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Imagine a North America before humans. A river winds its way through the wetlands and floodplains of what is now central California. A frog croaks, a goose honks, and a sabertooth salmon leaps upstream. A dog poops, then runs off with its pack mates.
Fast forward to the present day. That dog poop is now a fossil specimen from the Mehrten formation, a rock outcrop rich with fossils from 5.3 to 6.4 million years ago. A recent study by Xiaoming Wang, curator of vertebrate paleontology at the Natural History Museum of Los Angeles County (NHMLA), and colleagues shows us just how much we can learn from fossil poop – or “coprolites” in scientific lingo.
The study, published in eLife, revealed not just the species of dog responsible for the poop, but also what this fossil dog ate, because it contained bone fragments. Finding undigested food in a poop fossil is the ultimate ground-truth for paleoecology, the study of ecosystems that existed millions of years ago. We can never observe directly what extinct species were eating, so we turn to poop for clues.
But what dogs were around five million years ago? To answer this, the authors turned to another study they recently published in the Journal of Vertebrate Paleontology, describing the fossil dogs of this rock formation. From four species of fossil dog, they narrowed it down to the most likely, the bone-cracking dog Borophagous parvus, based on its size, the size of the poop, and how common B. parvus was in this rock formation. B. parvus, known from fossils in California and Arizona, was a medium-sized dog, estimated to weigh around 50 pounds. The genus Borophagus went extinct two million years ago, with no surviving descendants. (Modern dogs belong to the same family, Canidae, but descended from a different branch of the family.)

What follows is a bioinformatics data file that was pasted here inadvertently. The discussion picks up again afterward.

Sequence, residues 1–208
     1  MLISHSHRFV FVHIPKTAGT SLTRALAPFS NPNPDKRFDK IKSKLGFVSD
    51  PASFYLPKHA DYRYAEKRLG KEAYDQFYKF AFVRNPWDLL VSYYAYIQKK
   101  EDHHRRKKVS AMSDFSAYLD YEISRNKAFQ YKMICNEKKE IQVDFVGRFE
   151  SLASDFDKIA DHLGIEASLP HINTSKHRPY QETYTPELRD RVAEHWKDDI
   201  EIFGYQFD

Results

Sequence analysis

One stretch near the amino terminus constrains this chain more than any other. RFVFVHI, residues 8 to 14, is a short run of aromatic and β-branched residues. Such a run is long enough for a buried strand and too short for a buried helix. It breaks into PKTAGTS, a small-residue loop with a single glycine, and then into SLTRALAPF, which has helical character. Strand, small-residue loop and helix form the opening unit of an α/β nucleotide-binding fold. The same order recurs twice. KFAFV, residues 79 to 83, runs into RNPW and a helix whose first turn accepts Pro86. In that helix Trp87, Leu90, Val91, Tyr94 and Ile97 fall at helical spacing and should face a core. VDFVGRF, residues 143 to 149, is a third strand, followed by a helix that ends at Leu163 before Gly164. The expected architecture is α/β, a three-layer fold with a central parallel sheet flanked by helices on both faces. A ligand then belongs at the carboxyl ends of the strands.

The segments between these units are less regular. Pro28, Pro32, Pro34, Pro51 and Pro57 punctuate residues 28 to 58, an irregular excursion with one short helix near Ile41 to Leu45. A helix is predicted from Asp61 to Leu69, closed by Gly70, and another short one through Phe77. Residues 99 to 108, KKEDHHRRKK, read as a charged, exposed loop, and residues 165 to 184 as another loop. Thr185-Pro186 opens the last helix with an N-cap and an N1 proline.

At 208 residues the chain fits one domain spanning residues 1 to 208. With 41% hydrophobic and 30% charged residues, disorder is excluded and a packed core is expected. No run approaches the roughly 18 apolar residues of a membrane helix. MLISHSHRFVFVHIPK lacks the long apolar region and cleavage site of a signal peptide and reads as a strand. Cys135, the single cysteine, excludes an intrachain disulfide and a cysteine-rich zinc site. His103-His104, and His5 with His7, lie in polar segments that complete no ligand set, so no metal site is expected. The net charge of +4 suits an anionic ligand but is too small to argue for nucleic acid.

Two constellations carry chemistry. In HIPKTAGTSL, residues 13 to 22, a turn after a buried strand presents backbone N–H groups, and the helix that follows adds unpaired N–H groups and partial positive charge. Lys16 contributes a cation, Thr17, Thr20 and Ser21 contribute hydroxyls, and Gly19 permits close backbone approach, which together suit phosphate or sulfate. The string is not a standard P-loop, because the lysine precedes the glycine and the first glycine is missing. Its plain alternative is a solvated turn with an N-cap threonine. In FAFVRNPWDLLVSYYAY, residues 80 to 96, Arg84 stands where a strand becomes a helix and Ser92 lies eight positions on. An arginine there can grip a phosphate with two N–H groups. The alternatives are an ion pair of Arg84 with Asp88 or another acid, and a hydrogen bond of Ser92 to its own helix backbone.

“I have studied these animals much of my adult life, but I had never seen their poop, so you can imagine how excited I was,” says Wang. “Fossilized poop is by far rarer than bones. I’m used to thinking about teeth and how these animals chewed, and how bones are built to resist cracking under the pressure of their jaws. But the poop is more visceral and requires imagination about the other end. The information these coprolites contain is a nice confirmation of what we have long-suspected: that they are bone-eaters. We just didn’t have the physical evidence of it, but now we do.”
They had more than just proof that the dogs ate bone; they had some pieces of bone that were big enough to learn more about their prey. Scientists had a guess for what size animals these dogs ate, and were excited to finally confirm it. Paleoecologist Mairin Balisi, coauthor of both papers, explains, “Scientists had deduced that not only did they crack bone, they cracked bone of animals bigger than themselves. This is important, because if you prey on animals bigger than yourself versus smaller than yourself, those are two very different niches.”
The “niche” is the role that an animal plays in an ecosystem. For each potential role, there are tradeoffs. As Balisi puts it, “larger prey requires more effort to find, chase down or ambush, and finally kill … On the other hand, larger prey, once you have it – that’s a lot of meat right there.” The theory is, if an animal is capable of hunting larger prey, they should, because it maximizes their energy spent.